Tuesday, July 29, 2008
Of Embassies and Napoleons
No, not that napoleon. This napoleon:
Otherwise known as a mille-feuille.
And there are no embassies involved in this story either, only a consulate. The Chinese Consulate in Marseille, to be precise.
I was an exchange student at the Université d'Aix-Marseille III in Aix-en-Provence. It was autumn. The consulate was hosting a dinner party on its grounds to celebrate the Chinese national holiday and all the Chinese students in surrounding universities were invited.
I'd never been to a party in a consulate before. It sounded like a posh affair. I put on a prim, neat dress that was various shades of very pastel mauve, and a pair of white stiletto-heeled sandals. (Come to think of it, this was back in 1994, it was somewhat fashion forward to wear strappy sandals with dresses--I was certainly alone in it. And that was probably the last time I was ever fashion forward.)
We drove 30 kilometers to Marseille. But no sooner did we arrived than it started to rain. To pour. The garden was out of the question. The dinner, a buffet-style affair, would now be served inside.
We milled around and chatted and waited. And waited. And waited. After a while my stomach began to cave in on itself. The conversation, too, reduced in scope to the dinner and only the dinner. What was going on in the kitchen? Would we have been fed already had the buffet been laid outside? And when, oh, when was food going to be served?
And then there came urgent news, dinner was in sight! We rushed to the small dining room, which was crammed like the Avenue des Champs-Élysées on parade day. There were two doors leading into the dining room, one by which we stood, unable to push our way in further because of the sheer population density inside (3 per every square foot, by my estimate), another one at the opposite end of the room.
The first two platters of food arrived. I don't remember what they were. All I remember was the astonishing speed with which the platters emptied as soon as they reached the dining table--around which the guests were piled four thick.
We soon perceived our severe error in not coming sooner to the dining room to lie in wait. Because the other door was the one by which food was being introduced from the kitchen. The people squashed in that corner were as far from dining table as we were, but food must pass through them in order to arrive at the table.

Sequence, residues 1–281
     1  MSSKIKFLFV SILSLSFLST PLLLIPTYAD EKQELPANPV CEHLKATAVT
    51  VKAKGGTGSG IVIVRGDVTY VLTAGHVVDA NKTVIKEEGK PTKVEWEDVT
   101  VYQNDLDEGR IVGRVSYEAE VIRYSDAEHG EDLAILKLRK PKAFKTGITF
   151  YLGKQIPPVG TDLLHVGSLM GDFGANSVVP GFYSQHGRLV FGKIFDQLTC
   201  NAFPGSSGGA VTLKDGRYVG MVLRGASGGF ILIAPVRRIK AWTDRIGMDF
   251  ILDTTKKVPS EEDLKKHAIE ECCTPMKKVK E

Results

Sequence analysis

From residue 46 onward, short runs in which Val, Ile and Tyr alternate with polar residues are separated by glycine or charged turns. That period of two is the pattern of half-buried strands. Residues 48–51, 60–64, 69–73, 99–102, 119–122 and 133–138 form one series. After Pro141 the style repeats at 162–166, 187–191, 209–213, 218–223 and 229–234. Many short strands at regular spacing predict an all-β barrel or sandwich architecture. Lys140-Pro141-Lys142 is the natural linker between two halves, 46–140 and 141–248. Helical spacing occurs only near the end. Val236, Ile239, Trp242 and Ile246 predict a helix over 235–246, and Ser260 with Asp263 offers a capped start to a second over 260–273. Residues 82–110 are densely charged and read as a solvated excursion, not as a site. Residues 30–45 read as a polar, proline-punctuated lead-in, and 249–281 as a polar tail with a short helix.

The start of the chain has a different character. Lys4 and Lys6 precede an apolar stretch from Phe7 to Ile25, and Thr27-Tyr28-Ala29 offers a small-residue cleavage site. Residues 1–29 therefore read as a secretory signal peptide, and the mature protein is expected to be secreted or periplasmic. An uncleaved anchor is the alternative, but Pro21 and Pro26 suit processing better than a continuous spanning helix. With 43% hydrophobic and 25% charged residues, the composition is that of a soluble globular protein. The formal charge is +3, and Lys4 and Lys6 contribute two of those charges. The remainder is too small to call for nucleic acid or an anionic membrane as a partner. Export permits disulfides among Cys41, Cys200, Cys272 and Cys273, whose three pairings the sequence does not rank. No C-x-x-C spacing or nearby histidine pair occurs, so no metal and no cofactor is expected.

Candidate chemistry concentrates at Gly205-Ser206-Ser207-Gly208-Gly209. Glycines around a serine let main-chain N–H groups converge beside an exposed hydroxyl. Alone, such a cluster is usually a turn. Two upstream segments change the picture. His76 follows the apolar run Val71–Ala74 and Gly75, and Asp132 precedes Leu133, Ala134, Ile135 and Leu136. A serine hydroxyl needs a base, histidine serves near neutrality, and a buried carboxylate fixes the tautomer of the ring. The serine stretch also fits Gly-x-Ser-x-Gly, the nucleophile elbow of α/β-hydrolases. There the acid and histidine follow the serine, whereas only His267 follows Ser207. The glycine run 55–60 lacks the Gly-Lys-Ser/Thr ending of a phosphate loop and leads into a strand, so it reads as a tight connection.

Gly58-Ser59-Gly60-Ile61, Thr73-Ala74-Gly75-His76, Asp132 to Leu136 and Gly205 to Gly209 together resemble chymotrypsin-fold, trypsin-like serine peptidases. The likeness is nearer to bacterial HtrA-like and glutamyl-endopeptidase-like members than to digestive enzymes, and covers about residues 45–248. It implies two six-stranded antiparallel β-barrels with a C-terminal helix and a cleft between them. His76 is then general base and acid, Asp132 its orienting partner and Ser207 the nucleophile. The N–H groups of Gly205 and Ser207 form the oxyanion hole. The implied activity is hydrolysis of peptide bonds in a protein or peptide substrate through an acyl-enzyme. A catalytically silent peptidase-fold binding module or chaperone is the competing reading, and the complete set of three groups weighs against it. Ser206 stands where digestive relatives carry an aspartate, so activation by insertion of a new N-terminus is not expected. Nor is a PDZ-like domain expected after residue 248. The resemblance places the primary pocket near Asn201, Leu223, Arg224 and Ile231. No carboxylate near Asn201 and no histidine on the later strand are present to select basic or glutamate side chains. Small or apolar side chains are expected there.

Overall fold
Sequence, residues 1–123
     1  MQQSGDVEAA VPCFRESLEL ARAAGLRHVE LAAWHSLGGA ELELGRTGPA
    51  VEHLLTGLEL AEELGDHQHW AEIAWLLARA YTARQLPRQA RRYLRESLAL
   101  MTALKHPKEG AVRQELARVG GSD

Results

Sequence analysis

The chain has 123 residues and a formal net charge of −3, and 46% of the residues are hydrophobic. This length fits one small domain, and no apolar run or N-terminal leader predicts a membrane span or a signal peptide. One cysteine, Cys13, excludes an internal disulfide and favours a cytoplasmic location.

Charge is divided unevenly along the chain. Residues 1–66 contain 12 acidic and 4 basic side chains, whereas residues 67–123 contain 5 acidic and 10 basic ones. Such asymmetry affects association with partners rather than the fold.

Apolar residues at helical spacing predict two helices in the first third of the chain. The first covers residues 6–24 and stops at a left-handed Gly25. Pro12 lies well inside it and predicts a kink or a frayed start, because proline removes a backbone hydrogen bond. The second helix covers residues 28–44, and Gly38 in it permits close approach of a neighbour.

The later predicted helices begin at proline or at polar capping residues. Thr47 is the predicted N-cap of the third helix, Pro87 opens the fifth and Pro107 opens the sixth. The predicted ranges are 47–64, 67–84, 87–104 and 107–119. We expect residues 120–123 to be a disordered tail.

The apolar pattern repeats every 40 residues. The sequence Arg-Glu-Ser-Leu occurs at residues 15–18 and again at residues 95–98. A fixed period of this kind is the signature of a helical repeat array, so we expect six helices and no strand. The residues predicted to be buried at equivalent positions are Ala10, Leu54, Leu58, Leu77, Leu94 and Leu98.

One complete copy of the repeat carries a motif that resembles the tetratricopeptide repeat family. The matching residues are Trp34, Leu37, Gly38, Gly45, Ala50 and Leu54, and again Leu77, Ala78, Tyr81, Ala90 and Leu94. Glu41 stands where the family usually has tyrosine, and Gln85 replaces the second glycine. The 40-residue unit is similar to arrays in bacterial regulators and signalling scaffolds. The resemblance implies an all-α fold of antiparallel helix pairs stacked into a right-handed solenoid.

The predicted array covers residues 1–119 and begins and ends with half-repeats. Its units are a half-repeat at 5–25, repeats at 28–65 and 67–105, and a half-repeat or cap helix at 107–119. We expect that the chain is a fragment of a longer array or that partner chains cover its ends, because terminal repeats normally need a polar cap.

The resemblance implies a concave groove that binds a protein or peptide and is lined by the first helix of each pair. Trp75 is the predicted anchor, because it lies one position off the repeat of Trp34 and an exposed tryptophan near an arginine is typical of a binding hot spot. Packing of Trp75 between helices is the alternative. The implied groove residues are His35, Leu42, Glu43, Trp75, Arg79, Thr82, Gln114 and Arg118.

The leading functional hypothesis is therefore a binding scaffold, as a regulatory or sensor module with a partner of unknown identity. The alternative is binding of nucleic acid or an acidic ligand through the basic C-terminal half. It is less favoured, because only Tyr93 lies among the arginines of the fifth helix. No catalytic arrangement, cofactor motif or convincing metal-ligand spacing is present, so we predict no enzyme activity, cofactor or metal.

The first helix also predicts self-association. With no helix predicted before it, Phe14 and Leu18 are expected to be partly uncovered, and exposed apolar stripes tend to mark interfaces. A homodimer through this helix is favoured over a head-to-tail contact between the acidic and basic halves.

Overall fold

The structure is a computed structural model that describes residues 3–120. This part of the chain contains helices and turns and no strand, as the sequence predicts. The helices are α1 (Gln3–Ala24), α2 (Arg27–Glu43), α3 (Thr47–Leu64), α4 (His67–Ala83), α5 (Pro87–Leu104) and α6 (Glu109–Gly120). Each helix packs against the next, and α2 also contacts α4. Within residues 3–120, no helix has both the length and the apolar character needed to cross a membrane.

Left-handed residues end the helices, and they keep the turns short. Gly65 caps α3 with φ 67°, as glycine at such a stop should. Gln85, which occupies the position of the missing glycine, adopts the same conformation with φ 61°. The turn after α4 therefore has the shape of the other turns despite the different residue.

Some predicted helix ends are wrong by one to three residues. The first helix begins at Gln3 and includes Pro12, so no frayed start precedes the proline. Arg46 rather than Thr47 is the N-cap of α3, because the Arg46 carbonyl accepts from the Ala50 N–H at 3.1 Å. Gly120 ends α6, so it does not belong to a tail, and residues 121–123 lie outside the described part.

And so they turned to plunder.
I watched, agape, as hands descended upon a steaming platter of dumplings. By the time the food-bearer arrived at the table, the dumplings were all gone. On the plundering went, with me drooling and desperate, and dinner might as well be on the other side of the Channel.
Now I wonder, had the party actually taken place on the other side of the Channel, whether the British stiff upper lip would have prevailed and some sort of more equitable pecking order imposed. But we were a gathering half French, half Chinese, both known for their fanatic devotion to dining. If any civil society was three meals away from unraveling, the undoing of ours required probably only one and a half.
I don't remember much of what happened immediately next, not when I finally got my shaking paws on some edibles, and no idea at all what they were either. What I do remember was a little something from later that evening when I was in a different part of the consulate. I was no longer starving, but I was still hungry and my mind still in piranha mode, when a plate of mini desserts strayed close to me.
I fell upon it, and the first thing I picked up, I swallowed whole, not caring what it was or how it tasted, intent only on getting more stuff down my gullet. As I swallowed, however, I suddenly realized that whatever it was, it was the most amazing thing I'd ever eaten. But by then I'd already swallowed it.
When I recovered somewhat from my stupefaction, I went after the dessert tray again. But since I was I was hardly alone in my abdomenal unfulfillment, the contents of the tray was long gone.
I'm not sure whether I've ever fallen for any man so hard and fast, but oh that little mille-feuille, that marvelously little mille-feuille. That was the beginning of my love affair with French pastry, or rather, my love affair with pastry cream in any incarnation. And I can't think of a better memory with which to launch a book called Delicious. :-)
And now I'll have to go eat something.
P.S. The Romance Reader has awarded Delicious a five-heart review. According to them, "Readers who are worried that Sherry Thomas is a one-book wonder should be assured. If anything, her second novel tops her outstanding debut." Hehe.